Daily Kosplay (or Conversational Parameters)
On March 15th, Daily Kos’s shock troops will be storming in, taking down your Bernie Sanders signs, and ripping them up into little bitty shreds!
- Constructive criticism from the Left is allowed. There’s a difference between constructive and destructive criticism. Do I need to spell it out? It’s the difference between “We need to put pressure on her to do the right thing on TPP” versus “she’s a sell-out corporatist whore oligarch.” In general, if you’re resorting to cheap sloganeering like “oligarch” or “warmonger” or “neocon”, you might want to reframe your argument in a more substantive, issue-focused and constructive matter. Again, I’m not interested in furthering the Right’s hate-fueled media machine. If that’s what you want, might I suggest Free Republic?
- Saying you won’t vote, or will vote for Trump, or will vote for Jill Stein (or another Third Party) is not allowed. If that’s how you feel, but have other places in which you can be constructive on the site, then keep your presidential feelings to yourself. Those of us who care about our country and it’s future are focused on victory. If you aren’t, then it’s a big internet, I suggest you find more hospitable grounds for your huffing, puffing, and stomping of feet.
- If you are going to be pessimistic, you better support it. There’s a difference between “Clinton can’t beat Trump” and “Clinton can’t beat Trump in Alabama”. There is also a difference between the blanket “Clinton can’t beat Trump” and “Looking at the polling, I’m worried that Clinton is falling behind Trump because X, Y, and Z”. Obviously, that also applies to races and issues down the ballot, not just the presidential. If you are going to be a Debbie-Downer, you better have a damn good reason to justify your pessimism. Rank, unsupported pessimism is anathema to our data-driven, reality based culture.
In our recent threads about Twitter, we often discussed general views on the balance between inclusion of viewpoints and inclusion of people. It’s a tension that we have struggled with here at Ordinary Times in the past, and one I see in a lot of places and a lot of contexts.
Among the conclusions I drew a long time ago is that it’s a hard issue to discuss in the abstract because so much depends on the context of the site and the site’s mission. If the mission is to provide for discussion, then obviously you want and need people to be able to speak their minds. However, a fruitful discussion forum will almost always involve parameters. Here at Ordinary Times, we specifically want to be able to take pride in welcoming a lot of diverse viewpoints. We may not succeed at this, but that’s at least the goal. However, we also want to provide a comfortable environment for all kinds of people. This leads to a very natural tension because one person’s viewpoint is another person’s reason not to show up.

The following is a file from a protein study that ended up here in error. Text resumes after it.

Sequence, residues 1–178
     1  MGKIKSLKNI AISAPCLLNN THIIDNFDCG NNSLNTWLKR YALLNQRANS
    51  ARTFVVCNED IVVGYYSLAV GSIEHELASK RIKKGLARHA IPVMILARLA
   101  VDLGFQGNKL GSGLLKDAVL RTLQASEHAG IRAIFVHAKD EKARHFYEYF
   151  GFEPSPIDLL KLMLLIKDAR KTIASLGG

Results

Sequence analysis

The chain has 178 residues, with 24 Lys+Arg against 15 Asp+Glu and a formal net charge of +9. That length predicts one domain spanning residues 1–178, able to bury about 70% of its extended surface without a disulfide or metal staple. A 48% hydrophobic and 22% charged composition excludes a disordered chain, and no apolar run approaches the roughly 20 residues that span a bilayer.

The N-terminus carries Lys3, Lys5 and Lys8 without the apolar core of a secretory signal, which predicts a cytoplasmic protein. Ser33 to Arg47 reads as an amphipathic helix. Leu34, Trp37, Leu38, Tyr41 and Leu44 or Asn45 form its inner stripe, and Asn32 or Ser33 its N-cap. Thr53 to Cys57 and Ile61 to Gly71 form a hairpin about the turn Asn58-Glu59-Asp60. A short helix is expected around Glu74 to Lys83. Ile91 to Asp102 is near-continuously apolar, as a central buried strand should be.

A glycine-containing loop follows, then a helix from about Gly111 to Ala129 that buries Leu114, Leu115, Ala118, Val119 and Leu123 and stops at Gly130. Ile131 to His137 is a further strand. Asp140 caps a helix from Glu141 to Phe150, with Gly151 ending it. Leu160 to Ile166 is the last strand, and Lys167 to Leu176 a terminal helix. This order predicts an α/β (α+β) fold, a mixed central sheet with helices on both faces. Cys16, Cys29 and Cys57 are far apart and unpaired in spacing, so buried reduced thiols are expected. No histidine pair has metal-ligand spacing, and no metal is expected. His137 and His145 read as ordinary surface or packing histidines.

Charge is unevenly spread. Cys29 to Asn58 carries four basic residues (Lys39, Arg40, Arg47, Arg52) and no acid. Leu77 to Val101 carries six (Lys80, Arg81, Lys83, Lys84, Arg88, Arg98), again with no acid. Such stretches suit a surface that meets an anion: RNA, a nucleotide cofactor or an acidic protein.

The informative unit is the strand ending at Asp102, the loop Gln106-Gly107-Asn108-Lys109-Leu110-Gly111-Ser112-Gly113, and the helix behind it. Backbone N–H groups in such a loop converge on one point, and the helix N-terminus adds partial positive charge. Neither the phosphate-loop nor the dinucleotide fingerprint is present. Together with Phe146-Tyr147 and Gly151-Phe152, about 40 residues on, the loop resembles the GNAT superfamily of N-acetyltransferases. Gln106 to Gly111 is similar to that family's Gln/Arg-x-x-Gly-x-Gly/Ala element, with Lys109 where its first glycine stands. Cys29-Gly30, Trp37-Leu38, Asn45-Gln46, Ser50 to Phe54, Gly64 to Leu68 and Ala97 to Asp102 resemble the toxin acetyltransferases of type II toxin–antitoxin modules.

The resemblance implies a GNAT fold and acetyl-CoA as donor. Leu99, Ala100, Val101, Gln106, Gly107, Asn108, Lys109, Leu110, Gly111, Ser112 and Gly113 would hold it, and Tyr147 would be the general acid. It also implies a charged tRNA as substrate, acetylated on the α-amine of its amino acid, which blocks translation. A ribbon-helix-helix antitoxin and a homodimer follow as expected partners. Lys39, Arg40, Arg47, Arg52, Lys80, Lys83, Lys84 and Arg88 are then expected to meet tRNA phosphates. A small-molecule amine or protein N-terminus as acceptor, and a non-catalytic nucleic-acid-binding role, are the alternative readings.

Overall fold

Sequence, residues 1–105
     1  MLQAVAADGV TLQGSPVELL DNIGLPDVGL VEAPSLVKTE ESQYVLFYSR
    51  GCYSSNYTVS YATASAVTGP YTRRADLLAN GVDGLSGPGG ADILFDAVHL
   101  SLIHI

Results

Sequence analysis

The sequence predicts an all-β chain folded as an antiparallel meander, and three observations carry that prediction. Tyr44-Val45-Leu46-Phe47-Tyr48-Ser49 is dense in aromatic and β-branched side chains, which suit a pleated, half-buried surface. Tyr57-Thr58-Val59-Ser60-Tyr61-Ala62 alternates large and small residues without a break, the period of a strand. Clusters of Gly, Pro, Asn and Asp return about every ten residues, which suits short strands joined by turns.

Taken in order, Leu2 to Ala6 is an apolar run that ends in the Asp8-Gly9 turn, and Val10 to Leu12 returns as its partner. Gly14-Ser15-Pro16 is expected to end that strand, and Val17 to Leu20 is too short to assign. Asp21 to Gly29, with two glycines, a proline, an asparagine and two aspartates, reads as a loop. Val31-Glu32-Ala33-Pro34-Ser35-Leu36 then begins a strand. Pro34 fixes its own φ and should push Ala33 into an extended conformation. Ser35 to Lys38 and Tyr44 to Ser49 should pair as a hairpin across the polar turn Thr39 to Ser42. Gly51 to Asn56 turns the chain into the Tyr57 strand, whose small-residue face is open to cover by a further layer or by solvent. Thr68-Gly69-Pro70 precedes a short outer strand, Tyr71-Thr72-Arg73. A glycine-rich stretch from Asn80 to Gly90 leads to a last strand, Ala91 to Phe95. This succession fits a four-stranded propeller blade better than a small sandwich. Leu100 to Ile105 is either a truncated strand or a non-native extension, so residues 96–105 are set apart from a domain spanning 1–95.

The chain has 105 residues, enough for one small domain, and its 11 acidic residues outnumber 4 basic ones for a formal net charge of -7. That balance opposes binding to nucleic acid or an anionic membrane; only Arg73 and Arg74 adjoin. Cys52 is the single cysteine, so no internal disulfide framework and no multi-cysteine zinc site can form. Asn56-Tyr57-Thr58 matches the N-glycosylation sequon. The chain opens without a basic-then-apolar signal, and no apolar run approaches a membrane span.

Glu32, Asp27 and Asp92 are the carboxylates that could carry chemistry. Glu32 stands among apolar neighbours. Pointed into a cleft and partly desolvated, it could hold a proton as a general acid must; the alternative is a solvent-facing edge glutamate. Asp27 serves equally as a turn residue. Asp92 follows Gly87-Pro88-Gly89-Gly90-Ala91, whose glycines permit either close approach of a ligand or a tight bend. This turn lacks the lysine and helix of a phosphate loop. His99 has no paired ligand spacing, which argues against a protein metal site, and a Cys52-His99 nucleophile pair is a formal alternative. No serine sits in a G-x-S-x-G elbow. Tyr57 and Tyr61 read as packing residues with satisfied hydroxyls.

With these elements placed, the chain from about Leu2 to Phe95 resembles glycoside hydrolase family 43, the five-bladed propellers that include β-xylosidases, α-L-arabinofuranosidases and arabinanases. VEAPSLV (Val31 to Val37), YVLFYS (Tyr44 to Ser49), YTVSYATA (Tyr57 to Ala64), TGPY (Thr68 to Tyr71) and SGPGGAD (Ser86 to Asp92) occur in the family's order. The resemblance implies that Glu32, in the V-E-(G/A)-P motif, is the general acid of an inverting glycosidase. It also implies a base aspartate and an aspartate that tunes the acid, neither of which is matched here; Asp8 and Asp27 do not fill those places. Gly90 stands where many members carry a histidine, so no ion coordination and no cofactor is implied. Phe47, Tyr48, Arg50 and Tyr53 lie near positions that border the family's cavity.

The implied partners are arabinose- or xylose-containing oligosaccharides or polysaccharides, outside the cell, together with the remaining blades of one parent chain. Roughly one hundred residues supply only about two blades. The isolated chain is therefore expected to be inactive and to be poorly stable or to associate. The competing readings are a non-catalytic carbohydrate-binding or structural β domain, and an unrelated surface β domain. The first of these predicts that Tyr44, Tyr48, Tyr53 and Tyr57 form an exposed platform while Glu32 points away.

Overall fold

That framing makes the second person sound closed-minded, or cowardly, but there is no real reason for that to be the case. We all have a rather limited amount of time and who wants to spend it voluntarily in an unpleasant environment? You can take this too far and demand a virtual echo chamber, but the alternative is going to be unpalatable to anyone who is neither a troll nor a masochist. The operators and the community may be perfectly fine with this, or they may wonder how they can go about keeping this from happening. Or, what often seems to be the case, they can be not fine with this and have no clue how to go about preventing it.
A site like Daily Kos, though, is pretty much laying down the law of the parameters of their discussion. Which is not only their right as a private enterprise, but also an extremely defensible position. They define their goal as trying to elect a Democratic majority and to set the sails of the country to the left. They further define the former goal as the means by which they hope to achieve the latter. That may be tactically right, or tactically wrong, but they are in a better position to make that decision than anyone.
Virtually any worthwhile conversation is bound to require a degree of consensus. To talk about how to achieve a goal, we must agree on a goal. Otherwise, you’re discussing competing goals rather than how to achieve them. The latter conversation cannot exist without either formal or informal conversational parameters. Otherwise, the person who disagrees the most and the loudest can derail just about any conversation.
Imagine a group of people who want to discuss some aspect of the Bible. If they both accept the Bible as the Word of God, then there is quite a bit to talk about! However, if one of the participants wants to say “But there is no God!” then that conversation simply cannot occur unless the participant holds his or her tongue. There is nothing wrong with the guy who wants to argue that God doesn’t exist. He’s just sitting at the wrong table. And if he won’t leave, a rule will have to be established or the person will have to be informally chased off with antagonism.
And, of course, antagonism itself must be contained. Because if antagonism defines the parameters of the discussion, that’s worse than management doing so; at least management is setting the course deliberately. That’s where Twitter’s actions can be (though not necessarily are) justified. If the nature of the discussion is being skewed through coordinated or uncoordinated harassment, that’s no less a change of the conversational parameters than official Twitter policy. There is some mistrust of whether Twitter enforcement is occurring evenly or as yet another way of enforcing conversational parameters, but there are parameters any which way.
Places like Daily Kos or Redstate have it a bit easy because there is no pretense of aspiring to a free exchange of ideas. Which is perfectly fair and reasonable. And, in a way, a bit depressing.